Baker, the Chicago Cubs' manager, is a prostate cancer survivor. He found out he had it during a routine checkup. He was managing the San Francisco Giants at the time. Doctors had noticed a slight increase in his PSA count, or prostate-specific antigen, each year for six years. After the 2001 season, the number doubled from 2.2 to 4, considered a drastic increase.
"Four was no problem, but the only problem was I went from two to four," Baker said. "I went in for a biopsy, and they took eight different biopsies and cancer was in four of them."
Baker was well aware of prostate cancer. His father, Johnnie B. Baker Sr., had it. When Dusty was diagnosed, his aunts gave him copies of death certificates for two of his uncles and both of his grandfathers, verifying that they had it, too.
"At that time, I didn't have a clue," Baker said. "I just thought all the men in my family died at 45, 46 years old."
His wife, Melissa, had lost her mother to breast cancer, so she pushed Baker to get treatment.
"She was really concerned about me," Baker said of Melissa. "That's how it usually is -- most of the time, it's the women who push the men. Most men figure nothing can happen to them. Most guys don't worry about it."
Baker opted for a radical prostatectomy on Dec. 17, 2001. Typically, men with early-stage disease or cancer that is confined to the prostate will undergo this treatment in which the entire prostate gland is removed. Dr. Joseph Presti of Palo Alto, Calif., a urology specialist, did the operation. Baker could've chosen radiation or chemotherapy, but doctors recommended the surgery. He did his homework, calling New York Yankees manager Joe Torre and MLB official Bob Watson for support and guidance.
"It wasn't easy, and that next year we went to the  World Series," Baker said. "There were only six weeks between my operation and the time we went to Spring Training. There were times when I didn't have much energy. There were times when I was falling asleep in Spring Training. I wasn't sleeping at night because I had to get up four, five times a night to go to the bathroom. Before, I never had to get up at all."
|"You appreciate your kids, you appreciate your team, you appreciate your job, you appreciate life, your parents, your family, just different things that are really important to you that sometimes you take for granted."|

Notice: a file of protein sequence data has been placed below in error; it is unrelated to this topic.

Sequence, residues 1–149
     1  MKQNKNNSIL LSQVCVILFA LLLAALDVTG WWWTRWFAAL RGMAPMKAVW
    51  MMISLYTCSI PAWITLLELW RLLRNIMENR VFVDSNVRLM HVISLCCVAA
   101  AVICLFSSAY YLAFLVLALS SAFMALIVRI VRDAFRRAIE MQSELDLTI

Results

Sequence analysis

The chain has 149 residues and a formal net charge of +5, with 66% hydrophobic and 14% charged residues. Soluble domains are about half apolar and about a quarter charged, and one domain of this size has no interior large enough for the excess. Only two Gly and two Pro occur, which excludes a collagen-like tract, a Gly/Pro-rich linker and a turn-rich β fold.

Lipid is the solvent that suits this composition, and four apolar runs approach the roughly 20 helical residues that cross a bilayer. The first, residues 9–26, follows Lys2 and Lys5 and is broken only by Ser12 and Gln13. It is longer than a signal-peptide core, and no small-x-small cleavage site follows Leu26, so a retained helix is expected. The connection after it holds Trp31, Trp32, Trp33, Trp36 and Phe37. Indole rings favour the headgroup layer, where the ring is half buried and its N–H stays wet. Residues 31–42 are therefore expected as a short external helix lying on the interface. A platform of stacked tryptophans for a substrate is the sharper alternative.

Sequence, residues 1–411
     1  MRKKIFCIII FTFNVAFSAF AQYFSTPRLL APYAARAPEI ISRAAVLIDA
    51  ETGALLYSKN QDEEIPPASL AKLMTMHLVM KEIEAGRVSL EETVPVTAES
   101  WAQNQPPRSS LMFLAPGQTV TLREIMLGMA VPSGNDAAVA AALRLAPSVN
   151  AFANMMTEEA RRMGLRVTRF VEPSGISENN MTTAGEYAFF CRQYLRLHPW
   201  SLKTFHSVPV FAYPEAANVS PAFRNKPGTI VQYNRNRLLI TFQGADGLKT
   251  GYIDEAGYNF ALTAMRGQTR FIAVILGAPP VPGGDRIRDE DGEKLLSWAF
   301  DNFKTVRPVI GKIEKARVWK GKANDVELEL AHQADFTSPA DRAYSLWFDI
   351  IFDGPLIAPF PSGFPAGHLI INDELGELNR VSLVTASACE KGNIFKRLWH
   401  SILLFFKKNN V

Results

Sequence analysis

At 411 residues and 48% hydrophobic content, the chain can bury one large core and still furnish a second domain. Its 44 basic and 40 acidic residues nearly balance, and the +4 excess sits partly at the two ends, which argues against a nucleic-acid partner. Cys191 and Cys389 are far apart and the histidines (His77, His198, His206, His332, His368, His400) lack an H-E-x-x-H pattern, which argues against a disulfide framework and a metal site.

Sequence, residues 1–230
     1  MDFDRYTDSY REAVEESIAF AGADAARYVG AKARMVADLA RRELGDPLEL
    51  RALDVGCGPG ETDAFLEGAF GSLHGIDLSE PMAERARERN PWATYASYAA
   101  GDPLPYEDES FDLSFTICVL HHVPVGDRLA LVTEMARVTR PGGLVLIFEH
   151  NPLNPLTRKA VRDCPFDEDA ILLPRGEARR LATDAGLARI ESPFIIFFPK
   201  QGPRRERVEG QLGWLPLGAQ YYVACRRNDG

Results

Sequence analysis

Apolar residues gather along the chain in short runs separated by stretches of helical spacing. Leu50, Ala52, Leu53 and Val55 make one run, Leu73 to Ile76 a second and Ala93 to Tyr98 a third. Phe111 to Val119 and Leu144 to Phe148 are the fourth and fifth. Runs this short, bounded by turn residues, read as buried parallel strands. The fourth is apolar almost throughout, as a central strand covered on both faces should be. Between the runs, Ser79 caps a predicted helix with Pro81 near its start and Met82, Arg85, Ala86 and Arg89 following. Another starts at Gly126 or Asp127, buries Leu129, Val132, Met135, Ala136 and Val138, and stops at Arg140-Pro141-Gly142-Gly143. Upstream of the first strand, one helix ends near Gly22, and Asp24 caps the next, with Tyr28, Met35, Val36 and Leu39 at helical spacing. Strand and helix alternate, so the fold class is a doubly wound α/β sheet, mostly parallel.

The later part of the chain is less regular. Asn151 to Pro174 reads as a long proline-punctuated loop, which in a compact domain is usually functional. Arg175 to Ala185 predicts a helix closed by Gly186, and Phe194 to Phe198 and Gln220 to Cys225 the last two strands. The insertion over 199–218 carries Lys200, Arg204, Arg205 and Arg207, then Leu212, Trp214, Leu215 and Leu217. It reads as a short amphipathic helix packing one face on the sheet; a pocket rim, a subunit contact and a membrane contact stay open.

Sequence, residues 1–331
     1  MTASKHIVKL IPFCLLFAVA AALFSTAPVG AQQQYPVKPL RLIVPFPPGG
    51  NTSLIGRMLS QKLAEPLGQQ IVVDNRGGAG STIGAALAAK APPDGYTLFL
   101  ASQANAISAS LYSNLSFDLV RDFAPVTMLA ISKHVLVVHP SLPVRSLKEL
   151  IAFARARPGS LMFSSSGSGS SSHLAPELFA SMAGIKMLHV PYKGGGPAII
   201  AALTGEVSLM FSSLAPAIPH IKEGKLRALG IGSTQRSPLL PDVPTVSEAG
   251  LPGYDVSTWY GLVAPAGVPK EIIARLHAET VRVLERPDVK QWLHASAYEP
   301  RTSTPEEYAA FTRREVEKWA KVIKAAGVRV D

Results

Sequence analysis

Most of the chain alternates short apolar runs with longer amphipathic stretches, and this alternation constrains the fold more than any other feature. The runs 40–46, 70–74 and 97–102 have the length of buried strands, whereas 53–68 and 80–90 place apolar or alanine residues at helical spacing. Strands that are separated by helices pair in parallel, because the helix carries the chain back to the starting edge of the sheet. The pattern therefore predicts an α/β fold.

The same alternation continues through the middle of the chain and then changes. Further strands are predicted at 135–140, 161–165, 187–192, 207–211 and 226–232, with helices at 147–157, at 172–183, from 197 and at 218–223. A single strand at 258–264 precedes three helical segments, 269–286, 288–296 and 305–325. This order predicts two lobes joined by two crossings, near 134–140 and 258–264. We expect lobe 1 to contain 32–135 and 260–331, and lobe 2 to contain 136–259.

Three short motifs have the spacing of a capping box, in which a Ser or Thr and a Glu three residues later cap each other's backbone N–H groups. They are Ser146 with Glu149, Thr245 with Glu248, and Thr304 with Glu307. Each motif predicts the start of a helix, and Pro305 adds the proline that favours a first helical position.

|-- Dusty Baker, on being a cancer survivor|
"The only time I was really sleepy was when we had a split doubleheader," he said. "When you're not sleeping, you're in bed at 8 o'clock at night. I did a lot of reading, took different vitamins, enzymes, antioxidants, drank green tea."
He maintains that routine today. In the fourth and eighth innings, Cubs clubhouse manager Tom Hellman brings Baker a cup of tea.
"I've done some research and I prefer white tea, but it's harder to find," Baker said. "White is supposed to be better for you. I take white or green tea in the fourth and the eighth inning. During the course of the game, you're really not able to go make yourself a cup of tea."
Major League Baseball won't be passing out green or white tea on this Father's Day, but will have players and managers wearing blue ribbons and wristbands to raise awareness of prostate cancer and the need to be tested.
Baker's life changed after the surgery.
"You end up appreciating a full moon, or some flowers, or some birds or the stars," he said. "I was talking to one guy in San Luis Obispo [Calif.], and we were on a balcony talking, and I said, 'Isn't it beautiful tonight?' He said, 'What are you talking about?' I said, 'Don't you ever just look at the stars? Man, you're missing out.'
"You appreciate your kids, you appreciate your team, you appreciate your job, you appreciate life, your parents, your family, just different things that are really important to you that sometimes you take for granted," Baker said.
A friend gave him a black and white painting from the Jimmy Stewart movie, "It's a Wonderful Life."
"Really, that's it -- it's a wonderful life," Baker said. "You want to have a positive effect on people."
Baker was one of the first to call Texas hitting coach Rudy Jaramillo when he was diagnosed with prostate cancer this spring.
"I called Rudy because I got calls," Baker said. "Sometimes, you need support. It does mess with your head some. It messes with your head quite a bit. It increases your faith in God. Things don't bother you as much as they used to. You're still the same person.
"People say, 'You don't care' [about the Cubs]. I care big time," Baker said. "I love my job, I love to win, I'm still as competitive as ever. It just changes your perspective on life, that's all."
Carrie Muskat is a reporter for MLB.com. This story was not subject to the approval of Major League Baseball or its clubs.